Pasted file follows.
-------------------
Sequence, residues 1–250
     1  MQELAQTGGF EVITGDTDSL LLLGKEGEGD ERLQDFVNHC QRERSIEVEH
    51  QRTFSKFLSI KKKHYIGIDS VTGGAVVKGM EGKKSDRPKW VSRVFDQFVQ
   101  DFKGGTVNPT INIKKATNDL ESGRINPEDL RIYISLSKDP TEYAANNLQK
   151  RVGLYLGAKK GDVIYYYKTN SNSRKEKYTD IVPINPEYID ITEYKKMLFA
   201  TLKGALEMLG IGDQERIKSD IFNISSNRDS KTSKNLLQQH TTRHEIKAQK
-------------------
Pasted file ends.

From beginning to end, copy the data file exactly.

Sequence, residues 1–250
     1  MQELAQTGGF EVITGDTDSL LLLGKEGEGD ERLQDFVNHC QRERSIEVEH
    51  QRTFSKFLSI KKKHYIGIDS VTGGAVVKGM EGKKSDRPKW VSRVFDQFVQ
   101  DFKGGTVNPT INIKKATNDL ESGRINPEDL RIYISLSKDP TEYAANNLQK
   151  RVGLYLGAKK GDVIYYYKTN SNSRKEKYTD IVPINPEYID ITEYKKMLFA
   201  TLKGALEMLG IGDQERIKSD IFNISSNRDS KTSKNLLQQH TTRHEIKAQK